BRODY: Yeah, let me just say one quick thing. I think the frustration within the media - and when I say the media, I'm talking about that traditional mainstream media that we hear so much about - is that Donald Trump is defying conventional norms. And there is a Teflon quality to him. And what normally would have been - had some sort of either reaction or maybe dip in the polls or at least people paying attention to what traditional journalism brings to the table is not working this time, or hasn't worked to the degree that I think other stories would have done in the past.
MARTIN: Let me stop you, though. Let me ask you, though - hold on a second, please - David, what you seem to be implying is that the media is frustrated because they are seeking a certain outcome which has not been achieved, which is to just - to stop his candidacy. And I just would question that assumption.
BRODY: Yeah, that's not really what I'm saying. What I'm trying to say is that traditionally, when a above-the-fold New York Times story is run on a candidate there seems to be some sort of effect that goes with that. In this cycle, that hasn't seemed to be the case. And that's my point.
MARTIN: Susan has made the point that he has, in fact, been thoroughly covered. So at this juncture, what is the task, Mike Oreskes? Is it to describe taste and tone? Is it to balance taste and tone against the conventional norms? Is it to evaluate policy? What's the job now?
ORESKES: It's a truism in politics that the primary season is very different from the general election. And I think that truism is true about journalism, too. We can talk a lot about what happened in the primaries. This is a different - the clock starts over. A lot of people who haven't paid any attention now start paying attention. I think our job - I can really only speak for NPR and for public radio a bit - our job is to provide as much material and information as possible so that citizens can decide what to do.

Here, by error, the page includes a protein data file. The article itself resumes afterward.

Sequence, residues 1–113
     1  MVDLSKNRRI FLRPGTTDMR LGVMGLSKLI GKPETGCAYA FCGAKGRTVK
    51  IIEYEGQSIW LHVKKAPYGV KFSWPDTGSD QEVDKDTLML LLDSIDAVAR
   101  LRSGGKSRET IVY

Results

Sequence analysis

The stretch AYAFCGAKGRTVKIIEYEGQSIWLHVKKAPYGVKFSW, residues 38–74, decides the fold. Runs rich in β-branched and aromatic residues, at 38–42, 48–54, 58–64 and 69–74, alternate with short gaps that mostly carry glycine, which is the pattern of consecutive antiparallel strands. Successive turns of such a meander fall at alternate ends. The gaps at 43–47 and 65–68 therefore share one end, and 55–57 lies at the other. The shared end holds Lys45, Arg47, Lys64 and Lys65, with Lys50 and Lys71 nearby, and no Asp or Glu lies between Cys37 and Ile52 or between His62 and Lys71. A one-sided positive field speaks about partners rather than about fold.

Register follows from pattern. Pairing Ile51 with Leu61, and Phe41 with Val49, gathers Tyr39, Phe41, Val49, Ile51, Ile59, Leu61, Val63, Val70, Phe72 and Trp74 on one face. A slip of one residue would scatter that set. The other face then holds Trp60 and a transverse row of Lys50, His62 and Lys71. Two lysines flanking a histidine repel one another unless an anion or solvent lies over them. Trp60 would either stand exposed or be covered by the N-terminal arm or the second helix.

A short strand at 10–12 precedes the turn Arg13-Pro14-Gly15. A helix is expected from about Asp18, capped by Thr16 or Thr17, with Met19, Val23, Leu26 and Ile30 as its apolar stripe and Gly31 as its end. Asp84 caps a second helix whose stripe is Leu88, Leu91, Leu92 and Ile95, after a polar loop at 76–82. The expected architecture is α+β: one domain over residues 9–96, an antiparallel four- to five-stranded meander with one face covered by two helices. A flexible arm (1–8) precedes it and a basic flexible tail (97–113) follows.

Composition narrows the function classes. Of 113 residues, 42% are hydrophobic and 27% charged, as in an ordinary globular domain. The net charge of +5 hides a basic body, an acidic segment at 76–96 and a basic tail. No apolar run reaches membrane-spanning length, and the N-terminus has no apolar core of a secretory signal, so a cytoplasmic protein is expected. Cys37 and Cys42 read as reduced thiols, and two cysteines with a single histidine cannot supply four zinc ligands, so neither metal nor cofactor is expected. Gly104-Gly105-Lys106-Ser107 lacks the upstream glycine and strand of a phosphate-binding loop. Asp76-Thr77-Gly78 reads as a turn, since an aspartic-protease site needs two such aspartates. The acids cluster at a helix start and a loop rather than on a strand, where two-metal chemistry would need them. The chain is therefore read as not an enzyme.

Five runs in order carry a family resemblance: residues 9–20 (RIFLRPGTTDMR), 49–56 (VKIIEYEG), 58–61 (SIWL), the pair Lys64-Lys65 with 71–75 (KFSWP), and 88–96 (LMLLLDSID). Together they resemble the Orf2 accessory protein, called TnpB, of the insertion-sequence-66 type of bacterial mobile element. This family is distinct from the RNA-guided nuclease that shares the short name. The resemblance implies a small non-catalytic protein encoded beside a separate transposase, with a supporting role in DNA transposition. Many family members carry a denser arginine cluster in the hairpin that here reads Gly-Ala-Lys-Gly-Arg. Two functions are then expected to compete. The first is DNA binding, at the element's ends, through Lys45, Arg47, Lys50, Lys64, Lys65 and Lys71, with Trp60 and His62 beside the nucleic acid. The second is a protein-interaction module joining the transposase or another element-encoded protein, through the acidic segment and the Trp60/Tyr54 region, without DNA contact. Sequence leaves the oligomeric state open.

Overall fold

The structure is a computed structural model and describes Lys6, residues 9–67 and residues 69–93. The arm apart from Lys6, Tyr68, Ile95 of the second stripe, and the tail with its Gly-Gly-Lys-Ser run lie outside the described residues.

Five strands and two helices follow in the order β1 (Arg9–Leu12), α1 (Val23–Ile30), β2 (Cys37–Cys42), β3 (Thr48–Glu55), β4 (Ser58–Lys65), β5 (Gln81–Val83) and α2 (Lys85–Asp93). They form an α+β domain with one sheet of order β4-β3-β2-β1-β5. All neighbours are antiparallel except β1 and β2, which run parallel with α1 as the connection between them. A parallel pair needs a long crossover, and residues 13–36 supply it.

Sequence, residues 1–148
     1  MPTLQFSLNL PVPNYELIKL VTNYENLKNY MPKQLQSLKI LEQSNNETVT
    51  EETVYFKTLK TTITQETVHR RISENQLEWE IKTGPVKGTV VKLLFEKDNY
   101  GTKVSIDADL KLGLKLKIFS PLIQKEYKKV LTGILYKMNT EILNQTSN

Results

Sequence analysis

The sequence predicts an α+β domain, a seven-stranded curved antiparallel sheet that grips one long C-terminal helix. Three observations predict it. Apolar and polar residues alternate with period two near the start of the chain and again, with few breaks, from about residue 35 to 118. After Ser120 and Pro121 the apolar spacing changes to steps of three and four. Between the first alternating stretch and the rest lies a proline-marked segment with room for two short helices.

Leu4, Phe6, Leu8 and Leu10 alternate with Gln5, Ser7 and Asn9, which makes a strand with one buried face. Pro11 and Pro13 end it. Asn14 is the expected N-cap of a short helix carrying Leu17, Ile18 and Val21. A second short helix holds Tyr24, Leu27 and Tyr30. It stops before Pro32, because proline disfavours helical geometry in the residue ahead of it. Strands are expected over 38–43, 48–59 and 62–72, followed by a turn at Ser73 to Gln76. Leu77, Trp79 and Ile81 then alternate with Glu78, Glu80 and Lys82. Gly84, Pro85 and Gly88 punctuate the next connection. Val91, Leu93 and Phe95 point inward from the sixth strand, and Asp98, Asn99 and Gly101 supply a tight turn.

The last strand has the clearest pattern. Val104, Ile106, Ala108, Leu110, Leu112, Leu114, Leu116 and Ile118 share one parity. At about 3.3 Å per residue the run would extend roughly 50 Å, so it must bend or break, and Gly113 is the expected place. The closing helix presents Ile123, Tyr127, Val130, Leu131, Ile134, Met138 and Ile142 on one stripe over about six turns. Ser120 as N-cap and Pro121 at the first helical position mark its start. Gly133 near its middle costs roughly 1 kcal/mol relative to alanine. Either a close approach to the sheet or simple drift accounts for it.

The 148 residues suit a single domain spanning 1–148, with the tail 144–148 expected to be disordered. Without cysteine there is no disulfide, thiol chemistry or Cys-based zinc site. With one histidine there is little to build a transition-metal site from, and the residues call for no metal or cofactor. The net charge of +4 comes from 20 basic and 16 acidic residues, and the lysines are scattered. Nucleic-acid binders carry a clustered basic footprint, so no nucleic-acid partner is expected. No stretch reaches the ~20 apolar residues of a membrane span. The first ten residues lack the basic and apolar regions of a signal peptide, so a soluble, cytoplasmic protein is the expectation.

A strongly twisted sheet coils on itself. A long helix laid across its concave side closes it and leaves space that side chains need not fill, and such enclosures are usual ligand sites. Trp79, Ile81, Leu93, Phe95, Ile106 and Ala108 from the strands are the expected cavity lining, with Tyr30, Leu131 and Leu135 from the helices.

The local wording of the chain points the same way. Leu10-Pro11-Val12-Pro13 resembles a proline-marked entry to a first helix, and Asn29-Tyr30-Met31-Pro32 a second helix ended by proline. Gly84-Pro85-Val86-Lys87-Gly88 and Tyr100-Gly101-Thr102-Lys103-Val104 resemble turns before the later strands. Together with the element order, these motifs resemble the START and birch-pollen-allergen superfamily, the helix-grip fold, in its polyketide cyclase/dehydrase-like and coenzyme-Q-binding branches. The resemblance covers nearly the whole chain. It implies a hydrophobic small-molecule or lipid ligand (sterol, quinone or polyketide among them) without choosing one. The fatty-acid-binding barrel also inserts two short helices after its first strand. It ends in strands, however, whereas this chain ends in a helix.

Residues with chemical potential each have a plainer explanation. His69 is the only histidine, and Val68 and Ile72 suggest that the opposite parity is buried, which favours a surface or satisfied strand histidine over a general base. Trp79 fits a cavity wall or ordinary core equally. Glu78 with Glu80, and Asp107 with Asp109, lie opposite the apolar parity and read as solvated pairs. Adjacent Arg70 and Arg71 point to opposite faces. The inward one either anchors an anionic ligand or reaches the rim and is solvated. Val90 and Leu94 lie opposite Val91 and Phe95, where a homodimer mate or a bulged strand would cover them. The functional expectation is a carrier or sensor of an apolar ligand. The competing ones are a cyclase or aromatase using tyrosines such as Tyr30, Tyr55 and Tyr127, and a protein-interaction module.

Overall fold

MARTIN: Ryan Grim, what do you think your job is now? Because you have said that you felt that it was the job of your organization to describe Donald Trump in a certain way. What is your job right now?
GRIM: I don't think anybody disagrees with what Michael is saying. The real question, though, is which facts do you provide? You know, the media has limited resources. There's only so much time in the day for NPR to broadcast. There's only so much that we can report on the Huffington Post. So we have to pick and choose, you know, what stories we're going to write. You know, we're going to choose to highlight moderate Republicans, other Republicans who are pointing out that Donald Trump is a unique threat to democracy flirting with fascism.
We're going to put those facts in front of the public. And if the public goes to the election and decides that somebody that's been described across the spectrum as a, quote unquote, "homegrown demagogue" is what they want, then that's what we want. You know, they're not going to cast their vote based on what we tell them to do. But we want them to go in with all of the information.
In other words, if the American public decided that invading Iraq in 2003 was the right thing to do given all of the information that they had, then OK. That's what they decide to do. But the media did not present all of the different facts. So I agree with Michael, but, you know, the media often fails to provide the facts that aren't necessarily fitting into whatever narrative is being pushed.
MARTIN: That was Ryan Grim of the Huffington Post. We were also joined by Susan Glasser of Politico, David Brody of the Christian Broadcasting Network and Michael Oreskes of NPR. Transcript provided by NPR, Copyright NPR.